Flood, rain & landslide make life miserable in North-East. This is a story about a journey where I adventured into road through woods. There’re National Highways that exist only on surveyors’ map. No outsiders are daring to travel by road. Airfare is generally high. Being localities, we see a land of possibility but we soon discovered that there was adventure beyond those frightening moments that we came over in a jiffy. “If you don’t know where you are going, any road will get you there” - Lewis Carroll. It’s very true in case of NE states.
We a group of two hundred comrades from greater Guwahati boarded five charter buses for a quintessential small town of Barak Valley in an evening for SBISA Triennial Conference. It was dark at Umiam Lake while we’re passing outskirts of Shillong. Another road from Jagiroad/Nagaon joined at Ummulong beside Jowai. The Dhabas start at the strip of land beside the road. Many foods are perfectly safe to eat when raw or modestly cooked, but poultry products don’t fall. Our Dinner wasn’t impressed by the spectacle of half cooked chicken and boiled rice. The Pnar (tribe) manager probably wasn’t expected such a huge order all of a sudden. The hotelier had given us pathetic hospitality.
We journeyed at a snail’s pace inside Jaintia hills. After a much local gossip, we fell half asleep in the midnight. The NH-44 was in a dilapidated condition and traffic remains suspended for days due to frequent landslides which results Manipur Tripura, and Mizoram being cut off from the rest of India. The other frontier route connecting Dibrugarh to Kohima and Imphal are considered India’s most dangerous road to hell.
The incessant rain hadn’t stopped for that night but it surely helped us to sleep. I realised the bus wasn’t moving at all and saw traffic to a grinding halt, leaving hundreds of vehicles stranded. It was Umkiang after Sonapur under Narpuh Reserve Forest where the road goes along the Bangladesh border. The road was so congested that no vehicles can pass through. The top of rugged cliffs of mountain was hanging over our head. There was massive earth-fall that blocked the road. We passed overnight inside the deep jungle.
Alas! The signal strength had shown zero and the readability of phone was far off. With no alternatives, we kept walking for want of some water. Rain God helped us for a face wash. But another call pressurized us in the early morning. We had adventured into the forest and somehow managed since it was dark. The daylight soon appeared beneath the trees that boosted our energy. Hurrah! There is a tea stall. We all grabbed some tea and biscuits.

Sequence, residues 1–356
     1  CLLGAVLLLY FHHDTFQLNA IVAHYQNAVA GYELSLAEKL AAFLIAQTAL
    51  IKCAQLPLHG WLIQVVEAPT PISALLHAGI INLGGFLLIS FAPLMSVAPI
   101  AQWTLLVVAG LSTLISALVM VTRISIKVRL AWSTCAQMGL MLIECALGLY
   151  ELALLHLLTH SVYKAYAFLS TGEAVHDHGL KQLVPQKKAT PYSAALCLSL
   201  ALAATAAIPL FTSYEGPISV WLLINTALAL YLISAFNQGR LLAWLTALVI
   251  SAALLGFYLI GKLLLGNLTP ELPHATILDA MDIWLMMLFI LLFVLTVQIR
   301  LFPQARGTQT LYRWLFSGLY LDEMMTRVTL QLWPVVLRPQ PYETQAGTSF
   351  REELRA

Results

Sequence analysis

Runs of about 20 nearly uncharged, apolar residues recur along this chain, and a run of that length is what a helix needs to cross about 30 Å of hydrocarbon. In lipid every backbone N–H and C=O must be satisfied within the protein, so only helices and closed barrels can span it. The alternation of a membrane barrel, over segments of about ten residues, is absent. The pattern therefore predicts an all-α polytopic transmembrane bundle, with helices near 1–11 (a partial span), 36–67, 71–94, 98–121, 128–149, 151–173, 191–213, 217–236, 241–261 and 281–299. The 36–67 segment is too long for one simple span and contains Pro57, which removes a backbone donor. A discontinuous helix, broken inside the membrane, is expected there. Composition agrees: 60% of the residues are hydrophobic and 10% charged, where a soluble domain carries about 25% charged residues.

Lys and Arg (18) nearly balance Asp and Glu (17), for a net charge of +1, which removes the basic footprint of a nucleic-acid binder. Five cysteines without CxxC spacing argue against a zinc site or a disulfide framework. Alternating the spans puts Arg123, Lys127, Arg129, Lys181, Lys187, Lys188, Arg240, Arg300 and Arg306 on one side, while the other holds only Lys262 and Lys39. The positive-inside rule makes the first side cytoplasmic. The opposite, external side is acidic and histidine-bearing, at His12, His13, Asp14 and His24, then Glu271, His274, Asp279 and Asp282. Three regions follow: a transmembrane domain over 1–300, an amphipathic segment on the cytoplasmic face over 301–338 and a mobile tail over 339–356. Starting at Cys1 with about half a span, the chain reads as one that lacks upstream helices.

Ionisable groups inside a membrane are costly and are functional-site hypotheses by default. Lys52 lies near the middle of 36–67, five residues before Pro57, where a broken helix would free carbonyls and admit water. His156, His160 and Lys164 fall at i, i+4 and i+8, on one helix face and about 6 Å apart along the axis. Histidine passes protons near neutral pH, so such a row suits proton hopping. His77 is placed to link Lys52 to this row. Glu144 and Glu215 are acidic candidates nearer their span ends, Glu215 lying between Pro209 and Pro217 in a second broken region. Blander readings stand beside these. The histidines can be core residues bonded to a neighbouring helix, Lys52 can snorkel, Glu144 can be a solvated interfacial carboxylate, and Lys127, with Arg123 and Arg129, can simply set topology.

Local tribes are probably happy with such incidents and thronged the roadside for a living. I appreciated that line, “when neighbour suffers, localities earn”. Overcoming all hassle, the road brought us down to earth with a bang. The road was that wasn’t there. I could not believe the amount of mass of earth/rock from a mountain collapsed on the road. The incident triggered by incessant rainfall with passengers of several vehicles escaped from the jaws of death. The entire hills and rocks avalanched over a massive area. Also rain water created an artificial falls over the earth fall. It wasn’t possible even walk over that mudslide while the road was extremely steep. We realised how nature could make such disaster for humanity when we feel proud of being civilised with huge scientific milestone.
Tea stalls were forced to pack up by thousands of hungry passengers. Scarcity of drinking water made life worst. The story reminded of a ship stranded at sea looking for drinking water. They were extreme survival techniques which I came across in jungle training. We knew to drink rainwater by boiling to purify from dust, pollen and mould. Incidentally, small rivulet streams gave us some respite. The thick jungles sheltered us from rain that continued pouring. We felt hungry at noon and expected another night halt. The tall trees pushed away the sunlight thus we arranged some firewood to have some light and warm. Outsiders especially women and children witnessed devastated look. The possibilities of wild animals were threatening us.
There was rolling noise echoed from the hills. We could hear people screaming in hope. JCB (JC Bamford) Excavators arrived. Cowboy herds and tends cattle, performing work on horseback. But these Khasi Cowboys started working like a “Demolition Man”. The bulldozers, the vital lifeline for that route had been pressed into service to clear the debris within an hour.
We started leaving slowly. There was enchanting views of a bridge over the river at Lumtongseng. We crossed across an awe-inspiring unique suspension bridge on river Lubha. The British bridge serves as a critical link between the Brahmaputra and the Barak Valley. The river broadens out as it meets the plains of Bangladesh. The Indo Bangla frontier is just a KM away. Soon after reaching the plains of Assam, we witnessed the worst patch of the highway. The flood made the NH muddy and bumpy. The road turned into mud pools where traffics were in serious danger of skidding.
After 24 hours, we finally reached Silchar in the evening, where our comrades were eagerly waiting for our safe arrival at the Banga Bhawan. After a decade, today I sing my way along with Robert Frost lines from Stopping by woods...”The earth falls are no lovely but dark and deep, But I have promises not to travel by road over bump and mud, And miles to fly next time before I visit again”, ‘cause I was stopping by devastating earth-fall on a drizzling day.
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